Central Asia is a tea-drinking and meat-eating destination. If you need your coffee fix after a meal, you’ll need to head off to a cafe where you’ll also find a choice of cake and desserts. However, you’ll find such places aren’t cheap – a cup of coffee can cost almost as much as a meal, expensive by local standards. In homestays and local restaurants, coffee is usually of the instant variety. Pack a small electronic Italian coffee machine if you’re a fan of the brewed stuff.
Tea – Chai – Чай
It is served in small half-filled bowls. Serving a full bowl of tea is considered impolite, whereas a full Western-style cup of tea is OK. In some mountainous regions, you’ll also find black tea served with milk, salt and butter.
Special drinks and refreshments
Kyrgyz and Kazakh people drink fermented horse milk, called Kymys, Kumys or Кымыз. It has a unique, sour taste. In Kazakhstan, you can also taste camel milk, Shubat Шубат. It is a once in a lifetime experience to try, but be aware that you might not agree with your stomach if you’re not used to it! In Kyrgyzstan, especially in Bishkek, you will see national drinks everywhere: jarma, shoro and chalap. Jarma or Shoro is a brown drink made from a mixed grain brew and chalap is a white milky drink.
Fruits and vegetables – Овощи и фрукты [Ovoshi i frukty]
The best time to taste Central Asian local produce is summer and the beginning of Autumn. Most common fruits grown locally are apples, pears and apricots. In hotter areas, you can eat grapes, peaches, watermelons, melons, and pomegranates. In fact, apples come originally from Kazakhstan, Central Asia and peaches of Samarkand were famous as a luxury good during the golden age of the Silk Road.
Dried fruits and nuts – Sukhofrukty i Orekhi – Сухофрукты и орехи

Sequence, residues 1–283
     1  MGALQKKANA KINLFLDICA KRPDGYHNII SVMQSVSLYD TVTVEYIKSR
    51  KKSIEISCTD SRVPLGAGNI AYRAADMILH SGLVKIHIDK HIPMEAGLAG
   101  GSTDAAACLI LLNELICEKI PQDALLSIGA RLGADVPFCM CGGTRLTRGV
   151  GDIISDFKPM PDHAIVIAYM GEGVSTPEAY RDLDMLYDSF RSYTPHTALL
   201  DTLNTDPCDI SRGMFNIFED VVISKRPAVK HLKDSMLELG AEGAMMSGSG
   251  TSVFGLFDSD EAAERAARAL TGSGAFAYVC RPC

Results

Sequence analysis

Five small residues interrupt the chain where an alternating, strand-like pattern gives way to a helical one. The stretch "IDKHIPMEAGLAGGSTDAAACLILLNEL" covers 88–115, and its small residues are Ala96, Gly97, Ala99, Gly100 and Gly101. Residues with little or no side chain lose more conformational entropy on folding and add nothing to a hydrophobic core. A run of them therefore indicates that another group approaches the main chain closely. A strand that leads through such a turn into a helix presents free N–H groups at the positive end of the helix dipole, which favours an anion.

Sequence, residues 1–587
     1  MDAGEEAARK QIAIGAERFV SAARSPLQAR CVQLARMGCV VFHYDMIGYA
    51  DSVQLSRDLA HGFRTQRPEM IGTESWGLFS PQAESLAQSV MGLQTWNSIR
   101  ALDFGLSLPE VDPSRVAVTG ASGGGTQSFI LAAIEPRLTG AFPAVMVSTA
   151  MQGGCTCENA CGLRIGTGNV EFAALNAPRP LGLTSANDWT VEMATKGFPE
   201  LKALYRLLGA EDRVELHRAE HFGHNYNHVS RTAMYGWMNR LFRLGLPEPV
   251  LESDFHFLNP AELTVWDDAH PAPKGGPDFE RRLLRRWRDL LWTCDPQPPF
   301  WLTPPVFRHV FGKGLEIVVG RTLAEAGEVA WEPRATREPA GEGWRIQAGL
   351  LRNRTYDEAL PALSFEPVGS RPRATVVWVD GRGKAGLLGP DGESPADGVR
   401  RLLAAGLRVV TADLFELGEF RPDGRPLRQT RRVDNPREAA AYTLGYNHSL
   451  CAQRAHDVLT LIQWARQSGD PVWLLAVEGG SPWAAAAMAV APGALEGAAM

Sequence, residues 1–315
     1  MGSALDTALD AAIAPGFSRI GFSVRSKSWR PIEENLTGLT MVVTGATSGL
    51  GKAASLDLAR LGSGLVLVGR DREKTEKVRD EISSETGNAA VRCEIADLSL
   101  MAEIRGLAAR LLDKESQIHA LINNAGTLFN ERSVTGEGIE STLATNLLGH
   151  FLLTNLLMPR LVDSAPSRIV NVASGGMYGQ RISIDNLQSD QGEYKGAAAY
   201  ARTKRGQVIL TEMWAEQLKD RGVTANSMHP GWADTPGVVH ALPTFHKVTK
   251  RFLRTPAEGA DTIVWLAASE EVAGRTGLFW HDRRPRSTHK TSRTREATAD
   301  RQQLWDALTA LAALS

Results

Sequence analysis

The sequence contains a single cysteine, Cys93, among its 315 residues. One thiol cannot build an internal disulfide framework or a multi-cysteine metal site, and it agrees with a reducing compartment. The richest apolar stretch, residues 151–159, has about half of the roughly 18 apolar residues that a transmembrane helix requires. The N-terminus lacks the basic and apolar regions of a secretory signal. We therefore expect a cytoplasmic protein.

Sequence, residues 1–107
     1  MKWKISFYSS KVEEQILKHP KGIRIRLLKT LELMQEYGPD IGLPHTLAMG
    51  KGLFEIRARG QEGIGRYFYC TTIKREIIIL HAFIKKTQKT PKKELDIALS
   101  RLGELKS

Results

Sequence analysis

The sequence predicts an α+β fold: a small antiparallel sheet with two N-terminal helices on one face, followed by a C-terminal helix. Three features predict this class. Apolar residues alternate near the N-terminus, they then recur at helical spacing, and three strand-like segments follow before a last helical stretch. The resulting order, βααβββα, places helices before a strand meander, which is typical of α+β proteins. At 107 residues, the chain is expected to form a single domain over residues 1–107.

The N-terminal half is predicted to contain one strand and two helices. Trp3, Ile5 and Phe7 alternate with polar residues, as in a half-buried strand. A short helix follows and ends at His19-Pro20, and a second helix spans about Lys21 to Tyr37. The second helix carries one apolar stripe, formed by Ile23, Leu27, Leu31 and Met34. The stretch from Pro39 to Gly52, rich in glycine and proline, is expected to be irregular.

Central Asians love dried apricots, raisins and all manner of nuts. Almost every table will have a plate filled with various dried fruits and nuts. In bazaars and supermarkets, you can find a huge variety of such products, perfect for taking with you as a snack for the journey.
Kurut – Курут
Salty white dairy balls are a popular snack for locals. They’re made of suzmo or drained cottage cheese. If mixed with water you will get the refreshing drink called chalap. If formed into balls and dried, it is called kurut.
Vegetarians in Central Asia
In large cities, there are a variety of restaurants and plenty of choice in the menu. Vegetarians could try manty with potatoes or pumpkin, lentil soup, plov cooked without meat, vegetarian pizza or side dishes like vegetables, potatoes, rice or pasta.
It gets a bit tricky outside those big cities, however, as most dishes are prepared in one pot with meat. You’ll have a hard time in some places convincing the locals that a vegetarian dish can taste good. They’ve been brought up with the notion that the best flavor comes from meat and, as you’re their honored guest, will want to offer you the best food they have – which means meat! As a vegetarian, it’s still possible to travel through Central Asia of course, but make sure your guide and hosts are clear that you don’t wish to eat meat. Your travel agent can assist you with this before you leave home or during any tour your guide can assist you.